FAIRBANKS — The upcoming oil tax cut package proposed by Gov. Sean Parnell will prioritize cuts for legacy oil fields and leave more work on bringing new fields online for later, Alaska Department of Revenue Commissioner Bryan Butcher said in Fairbanks earlier this week.
Butcher made the statement during a visit to the Fairbanks chapter of the Alaska Support Industry Alliance on Tuesday, where he said the administration is expected to pass oil tax legislation by the time lawmakers gavel out in April.
Butcher explained the goal with oil tax cuts is to spur production, refill the pipeline and create more jobs.
While new oil fields as well as shale and heavy oil could potentially add to those, he said the governor believes the fastest way to that goal is to cut taxes on the existing fields.
“The majority of the known oil is in the legacy fields,” he said. “We still know there’s a lot of oil there. The governor and I believe many legislators looks at it as a combination of getting more oil out of the legacy fields in the short term and getting more oil out of the new fields in the long term.”
However, opponents also say it will be very difficult to boost oil on the traditional fields.
Outgoing Democratic Fairbanks Sen. Joe Paskvan, is one strong voice against Gov. Sean Parnell’s plan to slash taxes without a clear path to putting more oil in the pipeline.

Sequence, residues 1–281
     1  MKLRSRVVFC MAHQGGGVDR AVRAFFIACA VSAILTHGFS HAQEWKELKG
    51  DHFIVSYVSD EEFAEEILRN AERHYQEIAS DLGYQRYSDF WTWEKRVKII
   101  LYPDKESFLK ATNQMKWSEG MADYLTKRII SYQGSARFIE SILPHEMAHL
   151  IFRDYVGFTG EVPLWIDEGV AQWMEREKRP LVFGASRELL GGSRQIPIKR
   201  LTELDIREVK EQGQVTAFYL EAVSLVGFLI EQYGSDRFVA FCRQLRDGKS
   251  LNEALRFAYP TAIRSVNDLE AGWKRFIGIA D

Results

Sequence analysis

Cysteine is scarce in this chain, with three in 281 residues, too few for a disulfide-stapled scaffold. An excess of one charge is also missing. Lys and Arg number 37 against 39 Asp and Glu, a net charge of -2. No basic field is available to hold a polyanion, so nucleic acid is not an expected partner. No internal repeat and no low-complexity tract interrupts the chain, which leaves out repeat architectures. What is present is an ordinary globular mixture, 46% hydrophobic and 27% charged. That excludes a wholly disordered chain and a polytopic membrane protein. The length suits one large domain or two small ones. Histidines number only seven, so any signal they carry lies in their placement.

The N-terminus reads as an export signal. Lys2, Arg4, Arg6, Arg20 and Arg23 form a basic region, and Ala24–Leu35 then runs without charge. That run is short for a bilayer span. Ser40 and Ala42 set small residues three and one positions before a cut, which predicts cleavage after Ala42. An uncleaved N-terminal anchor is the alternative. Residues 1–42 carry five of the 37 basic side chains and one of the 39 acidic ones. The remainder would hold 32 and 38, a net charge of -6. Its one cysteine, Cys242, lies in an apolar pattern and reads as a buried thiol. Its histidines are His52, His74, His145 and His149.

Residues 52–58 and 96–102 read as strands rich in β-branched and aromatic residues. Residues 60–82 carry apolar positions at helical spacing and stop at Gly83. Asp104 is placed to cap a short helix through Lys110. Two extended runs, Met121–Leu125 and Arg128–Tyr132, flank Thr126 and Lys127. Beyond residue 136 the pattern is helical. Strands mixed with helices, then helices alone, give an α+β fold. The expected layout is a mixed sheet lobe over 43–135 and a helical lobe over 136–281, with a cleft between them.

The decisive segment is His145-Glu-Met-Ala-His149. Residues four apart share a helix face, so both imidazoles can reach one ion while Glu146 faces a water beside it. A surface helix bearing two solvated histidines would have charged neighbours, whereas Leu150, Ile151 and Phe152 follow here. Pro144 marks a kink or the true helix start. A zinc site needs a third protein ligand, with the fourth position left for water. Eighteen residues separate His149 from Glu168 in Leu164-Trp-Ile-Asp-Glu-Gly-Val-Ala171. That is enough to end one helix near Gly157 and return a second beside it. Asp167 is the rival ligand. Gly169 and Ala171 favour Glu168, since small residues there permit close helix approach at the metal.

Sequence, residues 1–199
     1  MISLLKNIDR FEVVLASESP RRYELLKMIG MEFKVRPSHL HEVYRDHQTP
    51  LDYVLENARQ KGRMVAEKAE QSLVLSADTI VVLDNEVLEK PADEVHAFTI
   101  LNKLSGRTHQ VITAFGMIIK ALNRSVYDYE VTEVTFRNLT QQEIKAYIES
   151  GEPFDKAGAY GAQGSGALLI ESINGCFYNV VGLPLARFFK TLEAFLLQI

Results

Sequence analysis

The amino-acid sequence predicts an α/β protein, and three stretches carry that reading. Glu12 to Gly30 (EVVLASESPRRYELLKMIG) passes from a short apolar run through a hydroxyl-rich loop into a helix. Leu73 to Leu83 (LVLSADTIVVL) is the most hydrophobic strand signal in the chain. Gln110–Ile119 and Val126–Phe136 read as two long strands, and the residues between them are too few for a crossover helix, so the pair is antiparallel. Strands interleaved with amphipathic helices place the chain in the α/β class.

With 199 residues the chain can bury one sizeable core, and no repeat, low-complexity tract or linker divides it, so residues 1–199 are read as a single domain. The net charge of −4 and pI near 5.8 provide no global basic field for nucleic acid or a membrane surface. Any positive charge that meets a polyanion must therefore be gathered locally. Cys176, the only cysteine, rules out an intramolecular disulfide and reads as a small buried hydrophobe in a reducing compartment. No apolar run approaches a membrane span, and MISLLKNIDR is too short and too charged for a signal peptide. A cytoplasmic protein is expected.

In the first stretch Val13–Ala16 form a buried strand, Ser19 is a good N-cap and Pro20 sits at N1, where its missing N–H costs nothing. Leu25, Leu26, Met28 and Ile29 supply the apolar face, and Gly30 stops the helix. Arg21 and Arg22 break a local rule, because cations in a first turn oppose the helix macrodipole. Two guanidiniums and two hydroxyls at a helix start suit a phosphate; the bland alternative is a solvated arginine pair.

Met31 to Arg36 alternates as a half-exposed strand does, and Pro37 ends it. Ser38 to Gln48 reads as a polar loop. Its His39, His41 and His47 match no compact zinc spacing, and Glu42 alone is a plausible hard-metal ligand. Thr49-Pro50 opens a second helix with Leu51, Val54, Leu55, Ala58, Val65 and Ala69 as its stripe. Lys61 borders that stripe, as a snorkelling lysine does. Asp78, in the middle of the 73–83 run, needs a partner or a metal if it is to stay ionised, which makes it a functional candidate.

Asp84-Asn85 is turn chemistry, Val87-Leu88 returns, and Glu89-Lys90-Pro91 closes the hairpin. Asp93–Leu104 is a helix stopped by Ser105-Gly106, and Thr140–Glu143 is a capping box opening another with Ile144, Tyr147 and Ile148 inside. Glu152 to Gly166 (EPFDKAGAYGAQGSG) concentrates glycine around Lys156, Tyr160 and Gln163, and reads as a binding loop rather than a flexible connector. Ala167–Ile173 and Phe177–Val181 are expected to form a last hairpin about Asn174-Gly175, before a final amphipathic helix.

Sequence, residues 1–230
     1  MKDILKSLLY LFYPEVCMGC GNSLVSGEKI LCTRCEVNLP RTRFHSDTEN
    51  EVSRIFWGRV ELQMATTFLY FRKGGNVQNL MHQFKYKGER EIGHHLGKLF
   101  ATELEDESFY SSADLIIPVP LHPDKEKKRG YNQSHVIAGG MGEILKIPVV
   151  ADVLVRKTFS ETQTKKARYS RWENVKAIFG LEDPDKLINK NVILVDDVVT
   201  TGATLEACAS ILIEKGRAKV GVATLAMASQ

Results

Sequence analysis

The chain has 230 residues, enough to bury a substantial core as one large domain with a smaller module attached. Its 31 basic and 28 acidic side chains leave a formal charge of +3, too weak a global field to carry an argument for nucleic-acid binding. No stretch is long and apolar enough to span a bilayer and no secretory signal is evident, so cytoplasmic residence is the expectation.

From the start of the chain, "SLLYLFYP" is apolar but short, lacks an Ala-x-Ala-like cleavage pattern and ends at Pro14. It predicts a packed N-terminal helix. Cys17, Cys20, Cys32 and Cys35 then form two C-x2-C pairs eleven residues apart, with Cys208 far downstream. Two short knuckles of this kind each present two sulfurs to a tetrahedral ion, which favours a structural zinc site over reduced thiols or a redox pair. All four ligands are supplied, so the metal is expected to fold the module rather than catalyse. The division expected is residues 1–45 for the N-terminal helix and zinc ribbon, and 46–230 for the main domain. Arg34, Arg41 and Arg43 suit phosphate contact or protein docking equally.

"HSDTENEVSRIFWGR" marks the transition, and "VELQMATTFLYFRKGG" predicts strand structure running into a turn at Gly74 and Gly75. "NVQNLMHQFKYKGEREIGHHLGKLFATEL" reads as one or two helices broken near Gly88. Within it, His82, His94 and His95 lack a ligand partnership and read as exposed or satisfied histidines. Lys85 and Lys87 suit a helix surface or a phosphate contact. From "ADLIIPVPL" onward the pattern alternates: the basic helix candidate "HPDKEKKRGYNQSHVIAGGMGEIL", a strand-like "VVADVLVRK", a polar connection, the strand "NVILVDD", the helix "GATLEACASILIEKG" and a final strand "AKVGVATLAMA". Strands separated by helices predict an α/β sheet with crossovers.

Paskvan argued that declining throughput in legacy fields is a result of long-term decisions made by the producers to not build additional processing facilities and the science of mature oil fields.
He had pointed to testimony by former Division of Oil and Gas Director Kevin Banks to the U.S. Senate in a bid to open up federal land for oil production.
Banks told the Senate “the natural field declines cannot be replaced without access to production from Federal lands and the Outer Continental Shelf. There are no known conventional resources on State or Native lands that are likely sufficient to replace the decline in the existing production rates.”
But Butcher said while the administration is interested in boosting production and exploration in new fields and from shale and unconventional oil, the time from state investment to production is too long.
“The problem is that new oil in new fields is the average time from exploration to production in Alaska is ten years, however the tax credits for that development would be in the hundreds of millions of dollars and that would be paid up front by us,” he said.
“We would be on the hook treasury-wise now for the possibility to increase production ten years."
However, he noted the proposed cuts in the governor’s plan would have a one to two year lag before oil production would be boosted at the legacy fields.
The administration is considering tax cuts to the tune of as much as $1 billion during the next fiscal year.
“It’s hard for the long-term piece to work without the short-term boost,” he said.
Contact staff writer Matt Buxton at 459-7544 or follow him on Twitter: @FDNMpolitics.